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World Building: Explain a Game

Writing prompts can help you stretch your world-building and narrative skills, such as character development and story development. My friend, game designer and writer Owen K.C. Stephens regularly seeds such prompts on his Twitter feed. Several products on the market, from the Story Engine to the Writer Emergency Pack, aim at feeding prompts or breaking blocks. Writing as an exercise can be fun and creative, as well as training.

In that vein, Ryan Kaufman, a veteran of story who has worked at LucasArts and Telltale, gave out random prompts on request. These prompts were from a narrative-design exercise he did with his writers at Jam City, where he’s VP of Narrative. This is how it started (click the date to see the thread).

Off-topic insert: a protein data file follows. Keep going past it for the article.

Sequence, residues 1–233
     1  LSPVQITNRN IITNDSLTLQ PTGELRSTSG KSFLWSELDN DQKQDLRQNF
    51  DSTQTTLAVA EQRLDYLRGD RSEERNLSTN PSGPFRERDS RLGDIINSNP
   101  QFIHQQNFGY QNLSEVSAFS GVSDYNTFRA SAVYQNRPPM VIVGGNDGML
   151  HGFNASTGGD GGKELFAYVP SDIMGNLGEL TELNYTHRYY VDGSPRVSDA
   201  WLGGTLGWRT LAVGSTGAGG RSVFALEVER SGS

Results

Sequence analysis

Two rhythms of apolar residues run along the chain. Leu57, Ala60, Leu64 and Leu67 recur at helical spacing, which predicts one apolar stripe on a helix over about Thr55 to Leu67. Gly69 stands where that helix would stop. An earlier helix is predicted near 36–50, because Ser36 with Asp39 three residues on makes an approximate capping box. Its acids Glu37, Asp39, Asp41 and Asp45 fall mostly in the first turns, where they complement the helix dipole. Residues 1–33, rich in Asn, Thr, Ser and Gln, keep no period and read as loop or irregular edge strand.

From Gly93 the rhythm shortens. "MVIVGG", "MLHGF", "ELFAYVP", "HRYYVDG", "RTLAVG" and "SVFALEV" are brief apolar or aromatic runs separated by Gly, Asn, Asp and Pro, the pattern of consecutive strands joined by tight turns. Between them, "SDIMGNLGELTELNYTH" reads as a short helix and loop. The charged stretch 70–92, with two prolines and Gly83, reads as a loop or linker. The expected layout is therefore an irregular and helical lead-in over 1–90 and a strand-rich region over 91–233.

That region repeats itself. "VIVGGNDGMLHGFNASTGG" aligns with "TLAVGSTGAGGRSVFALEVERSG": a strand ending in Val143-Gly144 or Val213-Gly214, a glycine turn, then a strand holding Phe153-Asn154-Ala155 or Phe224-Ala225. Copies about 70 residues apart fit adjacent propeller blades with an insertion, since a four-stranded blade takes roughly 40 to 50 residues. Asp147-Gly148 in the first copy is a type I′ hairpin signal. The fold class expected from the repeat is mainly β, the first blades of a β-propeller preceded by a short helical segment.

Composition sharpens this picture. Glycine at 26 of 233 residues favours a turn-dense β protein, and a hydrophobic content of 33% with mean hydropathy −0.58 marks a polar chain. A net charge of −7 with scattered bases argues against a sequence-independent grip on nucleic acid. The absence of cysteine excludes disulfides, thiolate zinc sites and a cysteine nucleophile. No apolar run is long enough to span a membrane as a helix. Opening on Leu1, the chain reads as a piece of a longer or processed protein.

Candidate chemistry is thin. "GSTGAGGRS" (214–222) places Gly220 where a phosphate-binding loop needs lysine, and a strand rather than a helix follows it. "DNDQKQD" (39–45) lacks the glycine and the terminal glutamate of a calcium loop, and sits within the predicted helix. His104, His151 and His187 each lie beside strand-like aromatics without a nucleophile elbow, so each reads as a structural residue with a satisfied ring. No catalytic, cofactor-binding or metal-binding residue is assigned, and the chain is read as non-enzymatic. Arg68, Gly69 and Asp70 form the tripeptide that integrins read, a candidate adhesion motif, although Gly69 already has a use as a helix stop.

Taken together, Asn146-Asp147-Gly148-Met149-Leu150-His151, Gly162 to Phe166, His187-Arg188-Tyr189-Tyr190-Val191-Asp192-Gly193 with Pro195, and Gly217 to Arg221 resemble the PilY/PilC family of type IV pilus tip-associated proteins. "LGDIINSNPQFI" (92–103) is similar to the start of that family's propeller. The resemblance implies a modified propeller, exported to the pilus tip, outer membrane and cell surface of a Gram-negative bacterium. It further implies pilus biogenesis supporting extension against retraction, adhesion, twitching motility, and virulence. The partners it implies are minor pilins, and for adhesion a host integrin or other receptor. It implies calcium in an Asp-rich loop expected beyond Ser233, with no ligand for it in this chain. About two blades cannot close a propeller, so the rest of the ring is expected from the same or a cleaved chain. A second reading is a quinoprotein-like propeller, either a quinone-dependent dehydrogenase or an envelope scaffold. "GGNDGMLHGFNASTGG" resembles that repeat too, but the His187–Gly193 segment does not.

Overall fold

I’m running a narrative design exercise with the Jam City writers where we are randomly assigned a Character Backstory, a Goal, and a Game Genre. Then, we will attempt to explain the resulting game, and how all these things fit together as a ridiculous whole.

— Ryan Kaufman (@M1sterFox) November 19, 2019

If you asked Ryan, you received a random character, goal, and game type. Then you explain that game. I asked for a prompt and got the following. (1)

An unusually tall young woman wants to win the Wimbledon in a hack-and-slash.
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World Building: Inclusivity